Found 5 article(s) for author 'migration'

Welcome Home in a Crisis: Effects of Return Migration on the Non-migrants’ Wages and Employment

Welcome Home in a Crisis: Effects of Return Migration on the Non-migrants’ Wages and Employment. Ricardo Hausmann, 2017, Paper, “Albanian migrants in Greece were particularly affected by the Greek crisis, which spurred a wave of return migration that increased Albania’s labor force by 5% between 2011 and 2014 alone. We study how this return migration affected the employment chances and earnings of Albanians who never migrated. We find positive effects on the wages of low-skilled non-migrants and overall positive effects on employment. The gains partially offset the sharp drop in remittances in the observed period. The employment gains are concentrated in the agricultural sector, where most return migrants engage in self-employment and entrepreneurship. Businesses run by return migrants seem to pull Albanians from non-participation, self-employment and subsistence agriculture into commercial agriculture.Link

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The Rise of American Ingenuity: Innovation and Inventors of the Golden Age

The Rise of American Ingenuity: Innovation and Inventors of the Golden Age. Tom Nicholas, January 2017, Paper, “We examine the golden age of US innovation by undertaking a major data collection exercise linking US patents to state and county-level aggregates and matching inventors to Federal Censuses between 1880 and 1940. We identify a causal relationship between patented inventions and long run economic growth and outline a basic framework for analyzing key macro and micro-level determinants. We explore drivers of regional performance including population density, financial development, geographic connectedness and social structure. We then profile the characteristics of inventors and their life cycle, measure the returns to technological development, and document the relationship between innovation, inequality and social mobility. Our new data help to address important questions related to innovation and long-run growth dynamics.Link

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Global Talent Flows

Global Talent Flows. William Kerr, November 6, 2016, Paper, “The global distribution of talent is highly skewed and the resources available to countries to develop and utilize their best and brightest vary substantially. The migration of skilled workers across countries tilts the deck even further. Using newly available data, we first review the landscape of global talent mobility, which is both asymmetric and rising in importance. We next consider the determinants of global talent flows at the individual and firm levels and sketch some important implications. Third, we review the national gatekeepers for skilled migration and broad differences in approaches used to select migrants for admission. Looking forward, the capacity of people, firms, and countries to successfully navigate this tangled web of global talent will be critical to their success.Link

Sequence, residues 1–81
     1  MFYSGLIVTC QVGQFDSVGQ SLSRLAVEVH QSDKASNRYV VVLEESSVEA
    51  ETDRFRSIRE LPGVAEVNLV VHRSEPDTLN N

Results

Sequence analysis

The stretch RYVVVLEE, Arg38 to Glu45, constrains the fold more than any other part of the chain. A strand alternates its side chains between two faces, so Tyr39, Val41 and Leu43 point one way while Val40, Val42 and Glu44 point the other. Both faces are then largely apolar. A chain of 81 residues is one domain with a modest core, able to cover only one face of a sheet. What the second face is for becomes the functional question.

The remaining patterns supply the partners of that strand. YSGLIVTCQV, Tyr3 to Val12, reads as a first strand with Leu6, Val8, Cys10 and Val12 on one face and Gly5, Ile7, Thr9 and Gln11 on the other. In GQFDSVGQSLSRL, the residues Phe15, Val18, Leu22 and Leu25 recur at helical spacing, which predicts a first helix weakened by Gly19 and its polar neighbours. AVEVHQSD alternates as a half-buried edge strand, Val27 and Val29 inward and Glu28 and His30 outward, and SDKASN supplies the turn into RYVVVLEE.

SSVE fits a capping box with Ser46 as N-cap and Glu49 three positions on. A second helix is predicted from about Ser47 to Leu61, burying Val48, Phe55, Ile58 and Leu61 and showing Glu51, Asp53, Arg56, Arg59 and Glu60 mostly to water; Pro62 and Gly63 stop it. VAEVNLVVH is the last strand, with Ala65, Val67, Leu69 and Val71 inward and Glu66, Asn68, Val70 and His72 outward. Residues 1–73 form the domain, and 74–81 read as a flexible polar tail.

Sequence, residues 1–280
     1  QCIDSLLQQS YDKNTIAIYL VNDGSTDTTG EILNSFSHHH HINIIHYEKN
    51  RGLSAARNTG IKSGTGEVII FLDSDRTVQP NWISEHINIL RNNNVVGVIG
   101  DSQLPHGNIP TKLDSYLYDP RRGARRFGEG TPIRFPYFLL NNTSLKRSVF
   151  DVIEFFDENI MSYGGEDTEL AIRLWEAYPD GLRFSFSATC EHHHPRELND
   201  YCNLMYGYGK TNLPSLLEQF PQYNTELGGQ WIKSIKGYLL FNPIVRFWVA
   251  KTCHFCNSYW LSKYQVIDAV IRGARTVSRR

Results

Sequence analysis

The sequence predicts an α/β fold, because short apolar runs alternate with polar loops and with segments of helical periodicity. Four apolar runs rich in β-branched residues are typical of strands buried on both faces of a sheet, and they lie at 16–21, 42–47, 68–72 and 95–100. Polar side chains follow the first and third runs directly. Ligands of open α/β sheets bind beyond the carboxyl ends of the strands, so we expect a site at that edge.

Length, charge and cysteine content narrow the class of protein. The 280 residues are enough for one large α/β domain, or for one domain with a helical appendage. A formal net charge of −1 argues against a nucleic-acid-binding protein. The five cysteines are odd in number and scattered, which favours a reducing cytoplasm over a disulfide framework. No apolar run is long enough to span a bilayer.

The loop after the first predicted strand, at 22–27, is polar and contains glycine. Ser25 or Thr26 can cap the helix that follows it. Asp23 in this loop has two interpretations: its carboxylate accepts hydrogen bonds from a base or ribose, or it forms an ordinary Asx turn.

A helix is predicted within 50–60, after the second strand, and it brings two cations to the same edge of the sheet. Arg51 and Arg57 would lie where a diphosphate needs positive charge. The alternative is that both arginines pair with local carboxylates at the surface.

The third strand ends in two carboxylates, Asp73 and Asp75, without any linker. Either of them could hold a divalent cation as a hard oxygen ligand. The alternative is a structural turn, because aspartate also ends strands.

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The New Economic Case for Migration Restrictions: An Assessment

The New Economic Case for Migration Restrictions: An Assessment. Lant Pritchett, February 2016, Paper. “For decades, migration economics has stressed the effects of migration restrictions on income distribution in the host country. Recently the literature has taken a new direction by estimating the costs of migration restrictions to global economic efficiency. In contrast, a new strand of research posits that migration restrictions could be not only desirably redistributive, but in fact globally efficient. This is the new economic case for migration restrictions.Link

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Global Social Protection: Setting the Agenda

Global Social Protection: Setting the Agenda. Jocelyn Viterna, 2015, Paper, “In todays’ world, more than 220 million people live in a country that is not their own. Many people live transnational lives but the social contract between citizen and state is national. How are people on the move protected and provided for in this new global context? Have institutional sources of social welfare begun to cross borders to meet the needs of transnational individuals? This paper proposes a new Global Social Protection (GSP) research agenda, summarizing what we know and what we need to do moving forward. What protections exist for migrants, how are the organized across borders, who can access them and who gets left out? .Link

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